Popular Science Monthly/Volume 49/June 1896/The Subterranean River Midroi
|THE SUBTERRANEAN RIVER MIDROÏ.|
By Dr. PAUL RAYMOND.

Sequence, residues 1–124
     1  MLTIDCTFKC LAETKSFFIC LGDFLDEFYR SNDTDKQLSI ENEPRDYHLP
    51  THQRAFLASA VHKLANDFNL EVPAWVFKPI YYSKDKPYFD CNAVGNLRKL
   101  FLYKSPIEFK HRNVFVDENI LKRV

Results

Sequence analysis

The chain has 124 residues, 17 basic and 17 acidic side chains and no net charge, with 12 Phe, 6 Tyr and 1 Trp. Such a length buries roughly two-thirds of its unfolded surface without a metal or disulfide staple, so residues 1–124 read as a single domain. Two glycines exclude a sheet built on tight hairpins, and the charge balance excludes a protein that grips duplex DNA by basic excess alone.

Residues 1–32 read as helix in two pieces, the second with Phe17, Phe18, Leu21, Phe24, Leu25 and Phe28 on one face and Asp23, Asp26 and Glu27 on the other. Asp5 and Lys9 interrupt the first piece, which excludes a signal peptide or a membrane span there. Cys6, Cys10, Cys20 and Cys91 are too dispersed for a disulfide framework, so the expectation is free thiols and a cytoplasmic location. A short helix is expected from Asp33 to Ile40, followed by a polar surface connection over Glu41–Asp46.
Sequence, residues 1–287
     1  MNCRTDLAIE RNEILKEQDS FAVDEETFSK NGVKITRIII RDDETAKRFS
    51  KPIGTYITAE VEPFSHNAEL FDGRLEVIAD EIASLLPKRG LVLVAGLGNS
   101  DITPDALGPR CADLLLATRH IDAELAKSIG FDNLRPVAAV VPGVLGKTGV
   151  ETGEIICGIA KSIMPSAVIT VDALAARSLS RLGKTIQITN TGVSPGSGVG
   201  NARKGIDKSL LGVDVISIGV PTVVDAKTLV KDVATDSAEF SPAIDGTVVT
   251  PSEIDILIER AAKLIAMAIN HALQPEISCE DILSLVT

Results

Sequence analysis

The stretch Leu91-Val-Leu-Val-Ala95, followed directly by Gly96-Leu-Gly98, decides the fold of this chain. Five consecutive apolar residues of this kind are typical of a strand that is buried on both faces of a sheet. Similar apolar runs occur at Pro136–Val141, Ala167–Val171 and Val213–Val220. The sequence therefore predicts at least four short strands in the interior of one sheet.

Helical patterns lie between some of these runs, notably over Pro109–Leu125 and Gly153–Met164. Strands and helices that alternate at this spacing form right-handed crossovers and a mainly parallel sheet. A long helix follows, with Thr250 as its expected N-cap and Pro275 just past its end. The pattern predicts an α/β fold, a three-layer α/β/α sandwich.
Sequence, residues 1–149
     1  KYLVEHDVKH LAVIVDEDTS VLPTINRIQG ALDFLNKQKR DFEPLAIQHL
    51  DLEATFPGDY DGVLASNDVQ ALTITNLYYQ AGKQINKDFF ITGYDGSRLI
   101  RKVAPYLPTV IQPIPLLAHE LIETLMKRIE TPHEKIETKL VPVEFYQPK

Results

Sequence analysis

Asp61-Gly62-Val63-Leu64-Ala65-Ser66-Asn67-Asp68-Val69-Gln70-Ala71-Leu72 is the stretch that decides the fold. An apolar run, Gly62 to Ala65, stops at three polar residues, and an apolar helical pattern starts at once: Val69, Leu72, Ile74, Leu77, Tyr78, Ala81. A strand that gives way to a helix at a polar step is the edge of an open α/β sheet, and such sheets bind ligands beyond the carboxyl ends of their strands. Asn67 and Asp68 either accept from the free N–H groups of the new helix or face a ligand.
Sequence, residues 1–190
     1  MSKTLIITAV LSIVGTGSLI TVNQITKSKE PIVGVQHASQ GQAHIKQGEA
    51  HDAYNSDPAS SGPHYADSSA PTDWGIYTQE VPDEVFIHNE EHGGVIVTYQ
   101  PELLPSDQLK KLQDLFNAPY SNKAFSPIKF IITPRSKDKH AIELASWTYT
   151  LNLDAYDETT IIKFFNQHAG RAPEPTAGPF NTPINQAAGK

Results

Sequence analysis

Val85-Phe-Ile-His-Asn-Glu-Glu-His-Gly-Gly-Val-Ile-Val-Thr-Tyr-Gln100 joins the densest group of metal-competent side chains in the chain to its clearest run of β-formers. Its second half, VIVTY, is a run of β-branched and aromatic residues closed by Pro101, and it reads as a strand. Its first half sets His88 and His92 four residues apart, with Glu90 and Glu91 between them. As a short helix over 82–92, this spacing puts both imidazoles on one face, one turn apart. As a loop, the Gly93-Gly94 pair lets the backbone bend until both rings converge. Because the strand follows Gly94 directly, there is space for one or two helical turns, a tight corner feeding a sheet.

THE investigations in palethnology which I have been pursuing for several years in the departments of Gard, Ardèche, and Vaucluse, France, have led me to explore the subterranean cavities, avens, caverns, and rivers which furrow the region of the Gausses. In this way I discovered, in 1894, the subterranean river of Midroï, and found it so curious that I am impelled to describe it for those who are interested in explorations of the depths of the earth, The river Midroï is situated on the left bank of the canon of the Ardèche, at the beginning of the defile of la Madeleine. Its mouth, marked by the rich vegetation that clothes the rocks around, is at a level of about twenty-feet above the average height of the river. Starting to explore this river on August 28, 1895, and carrying our instruments, our photographic apparatus, and our boat, the Microbe, with considerable difficulty across the slippery clay bottom, we passed into a gallery about thirteen feet long and ten feet high, contracting in some places to a few inches, which offered nothing of special interest. About one hundred and fifty yards farther on we came to a lake, where my progress had been stopped in a visit made to this place the year before. Launching the Microbe, we proceeded on our way to the unknown. We advanced between walls smooth and polished by the water upon this new Styx, which had a uniform depth of about ten feet (Fig. 1). After a few turns the lake became narrower; an arcade, and then a second, rose before us—the Gate of Mycenæ (Porte de Mycenes), as we called them, standing at the entrance to the second gallery. This was the end of the lake, and for the present of our sail. Making the boat fast at the first arcade, we lifted ourselves upon the second, straddling the terminal part of the lake where the slightest slip would have thrown us into it, and entered the second gallery among slender stalactite columns, finely notched on the edges (stalagmite des crénelures). A change of direction, and we were in the hall of the Dome (Escaliers des Stalagmites and Salle de Bifurcation), the vault of which is more than thirty feet high. The gallery forks here, one part going due north, the other part opening opposite, toward the south (Fig. 1). First a wall of stalagmite barred our road; then we had to scramble over a series of pot-holes, some of which were full of water; and we then entered the passage of the bowlders, enormous blocks fallen from the roof or the walls and